Indeed it does occur. With sodium transport in the tubules being such an energy-intensive process, one cannot expect the war-ravaged post-necrosis tubules to squander their scarce resources on moving ions back and forth. They are too busy healing. Furthermore, they are resistant to aldosterone and ADH. The result is a failure to reabsorb the sodium as it travels down the tubule, as well as a failure to reabsorb water. Once the glomerulus recovers, it sends a normal amount of fluid through the tubule, but the tubule simply doesn't care.
The resulting urine is likely to be reasonably dilute (above 100mOsm/Kg is still quite dilute) but with an abnormally high urinary sodium. Replacement with normal saline seems to be the treatment of choice.
Weirdly, one cannot find any good data in the literature to discuss this process. textbooks discuss acute renal failure and ATN, throw away a line about how glomerular filtration normalises but tubular resorption doesn't, and then they move on. It is possible that nobody has a good handle on what precisely happens here. The glorious College of Intensive Care Medicine (in an exam question quite possibly written by Rinaldo Bellomo) report that polyuric ATN urine usually has an osmolality below 350-450 mosmol/kg "in almost all cases".
In acute renal failure, the urine osmolality is unpredictable. A combination of tubule dysfunction and reduced urine delivery to the distal nephron reduces its ability to reclaim sodium from the tubular lumen; however the ability to concentrate urine (i.e. ADH responsiveness of the collecting duct) may still be preserved. In chronic renal failure, the urine osmolality trends towards about 300mOsm/Kg ("isosthenuria"). Water intake in these patients is not matched by excretion, and a dilutional hyponatremia develops; the sodium loss occurs because of insufficient efforts to reclaim it from the tubules.
Fluid restriction tends to improve the situation in these patients.
Aldosterone activates the ENaC channel in the collecting duct, which causes resorption of sodium (and thus forces excretion of potassium). Loss of aldosterone, eg. Addisons disease, results in decreased sodium resoprtion, and increased potassium retention – thus the hyponatremia and hyperkalemia. Not only that - but cortisol itself acts an inhibitor of ADH secretion; less circulating cortisol means more circulating vasopressin. The result is water retention, and concentrated sodium-rich urine.
This can occur either because of primary adrenal insufficiency, or because of an aldosterone deficiency, or when exogenous steroids are withdrawn, or when aldosterone receptors are blocked (eg. by massive amounts of spironolactone). Exogenous corticosteroids tend to remedy this problem rapidly and completely.
The pathophysiology of this is incompletely understood, even though we have known about this since the 1950s. It does not seem to be a problem with inappropriate ADH hypersecretion, according to the more recent reviews. The vasopressin levels are usually high in these people but the mechanism seems to be a matter of ADH-induced water retention, in response to a decreased cardiac output which causes decreased renal blood flow. The situation is therefore analogous to the hyponatremia of cardiac failure. The college presented such a thing in Question 30.1 from the first paper of 2014, where a patient presents with amiodarone-induced myxoedema coma. The patient in that scenario is hypotensive bradycardic and cold, with a raised CK and cholesterol.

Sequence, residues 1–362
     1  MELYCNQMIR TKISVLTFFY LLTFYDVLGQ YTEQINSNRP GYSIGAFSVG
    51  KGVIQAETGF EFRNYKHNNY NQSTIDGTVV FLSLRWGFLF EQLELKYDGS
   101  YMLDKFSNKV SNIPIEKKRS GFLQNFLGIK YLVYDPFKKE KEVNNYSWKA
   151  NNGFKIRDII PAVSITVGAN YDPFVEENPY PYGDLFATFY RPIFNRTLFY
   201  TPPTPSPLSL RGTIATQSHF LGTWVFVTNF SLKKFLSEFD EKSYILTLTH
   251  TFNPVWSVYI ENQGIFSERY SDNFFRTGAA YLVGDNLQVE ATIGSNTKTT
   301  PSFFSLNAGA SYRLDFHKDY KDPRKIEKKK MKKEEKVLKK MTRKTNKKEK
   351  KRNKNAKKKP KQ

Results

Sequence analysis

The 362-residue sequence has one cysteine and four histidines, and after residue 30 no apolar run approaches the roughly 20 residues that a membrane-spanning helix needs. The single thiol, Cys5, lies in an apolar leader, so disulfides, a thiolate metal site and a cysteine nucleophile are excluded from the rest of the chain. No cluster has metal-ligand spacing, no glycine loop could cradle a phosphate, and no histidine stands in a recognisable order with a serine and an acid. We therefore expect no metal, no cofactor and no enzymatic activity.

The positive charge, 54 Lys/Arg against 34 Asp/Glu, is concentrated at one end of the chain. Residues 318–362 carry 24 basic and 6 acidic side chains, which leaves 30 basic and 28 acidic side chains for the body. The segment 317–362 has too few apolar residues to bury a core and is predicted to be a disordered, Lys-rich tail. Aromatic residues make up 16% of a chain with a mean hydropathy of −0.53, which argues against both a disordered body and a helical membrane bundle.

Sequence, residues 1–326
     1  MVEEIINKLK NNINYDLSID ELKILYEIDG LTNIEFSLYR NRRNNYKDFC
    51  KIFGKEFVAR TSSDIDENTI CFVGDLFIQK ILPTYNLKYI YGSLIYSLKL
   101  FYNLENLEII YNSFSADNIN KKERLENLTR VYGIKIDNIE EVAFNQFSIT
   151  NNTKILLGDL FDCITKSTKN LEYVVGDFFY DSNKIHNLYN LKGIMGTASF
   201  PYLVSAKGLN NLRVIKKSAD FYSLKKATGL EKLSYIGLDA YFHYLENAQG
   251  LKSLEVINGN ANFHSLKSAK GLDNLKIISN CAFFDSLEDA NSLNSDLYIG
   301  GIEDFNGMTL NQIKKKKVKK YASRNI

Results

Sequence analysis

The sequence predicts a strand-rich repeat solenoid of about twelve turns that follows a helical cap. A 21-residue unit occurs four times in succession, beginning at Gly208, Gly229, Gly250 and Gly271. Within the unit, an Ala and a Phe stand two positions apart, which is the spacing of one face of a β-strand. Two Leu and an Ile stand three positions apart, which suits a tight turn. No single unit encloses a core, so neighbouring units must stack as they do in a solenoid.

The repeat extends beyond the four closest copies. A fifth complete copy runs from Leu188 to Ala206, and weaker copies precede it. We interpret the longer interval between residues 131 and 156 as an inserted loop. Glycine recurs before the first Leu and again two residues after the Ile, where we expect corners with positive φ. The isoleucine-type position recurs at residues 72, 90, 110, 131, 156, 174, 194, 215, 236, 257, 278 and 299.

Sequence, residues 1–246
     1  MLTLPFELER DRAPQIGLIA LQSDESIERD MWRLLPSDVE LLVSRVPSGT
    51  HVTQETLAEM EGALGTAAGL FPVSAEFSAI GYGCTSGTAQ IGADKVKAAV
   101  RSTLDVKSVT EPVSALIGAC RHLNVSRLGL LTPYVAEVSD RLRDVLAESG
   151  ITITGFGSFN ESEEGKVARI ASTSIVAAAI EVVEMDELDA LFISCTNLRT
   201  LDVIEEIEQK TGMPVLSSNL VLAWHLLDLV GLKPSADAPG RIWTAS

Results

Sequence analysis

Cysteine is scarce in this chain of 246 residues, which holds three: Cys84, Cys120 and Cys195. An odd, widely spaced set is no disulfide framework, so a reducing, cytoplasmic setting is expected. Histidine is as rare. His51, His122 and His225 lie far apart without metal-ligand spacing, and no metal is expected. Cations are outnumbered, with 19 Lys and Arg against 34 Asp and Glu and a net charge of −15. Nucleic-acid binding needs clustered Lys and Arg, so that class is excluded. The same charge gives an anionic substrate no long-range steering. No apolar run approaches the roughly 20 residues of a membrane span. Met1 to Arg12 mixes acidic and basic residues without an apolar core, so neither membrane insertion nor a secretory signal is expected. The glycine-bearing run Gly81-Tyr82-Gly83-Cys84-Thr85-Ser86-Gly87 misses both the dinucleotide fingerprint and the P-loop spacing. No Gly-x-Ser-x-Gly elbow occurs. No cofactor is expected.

Thyroxine, predictably, is the solution. Don't forget to supplement with hydrocortisone.
The college has asked about this in Question 30.1 from the second paper of 2016, where a postpartum haemorrhage patient presents with hyponatremia, lethargy and failure to lactate. This is due to pituitary infarction which results from hypotension during postpartum haemorrhage, and is known as Sheehan's syndrome. Its an fairly uncommon complication.
As one might imagine, elevated vasopressin levels tend to result in water retention, and a dilutional hyponatremia develops. These patients have no way of increasing their water excretion in response to an increased water intake. The urinary mechanisms of solute excretion remain intact, hence the high urinary sodium. In fact, as you keep giving sodium to these people, so their urinary sodium excretion will continue to ramp up, until they look like they are "sodium wasting" They are not wasting anything: they are simply trying to maintain an even balance in the face of increased sodium intake.
SIADH has attracted a sufficuient attention from the college examiners to merit a chapter dedicated all to itself. Instead of duplicating that material here, to simplify revision. I will list some of the causes of SIADH below, as well as the widely acknowledged criteria for its diagnosis.
Diagnostic criteria for SIADH:
Natriuretic peptides such as BNP and ANP are thought to be the cause of this. One can imagine the injured brain releasing BNP as its cells decompose; however in humans there is not much BNP in brain tissue (it was first named after being discovered in porcine brains, where it for some reason exists in higher concentration). Whatever the (poorly understood) cause, a diuresis with natriuresis occurs, and the brain-injured patient dehydrates gradually as electrolyte-rich urine issues forth.
The key feature if hypovolemia. These patients are dry and they produce a high urine output; in contrast SIADH patients are normovolemic, and have low urine output. The trick to discriminating between these two conditions lies in the ability to demonstrate that the body fluid volume is decreased. In both conditions the ADH level is elevated, but in cerebral salt wasting the ADH is elevated appropriately because the patient is hypovolemic, and so it cannot possibly be SIADH by definition.
Now, this statement is not to be taken as an endorsement of CSW as a genuine disease state; many smarter people with serious endocrinology cred argue that it may not exist. The controversy is discussed in greater detail in the Required Reading chapter on cerebral salt wasting from the Neurology and Neurosurgery section.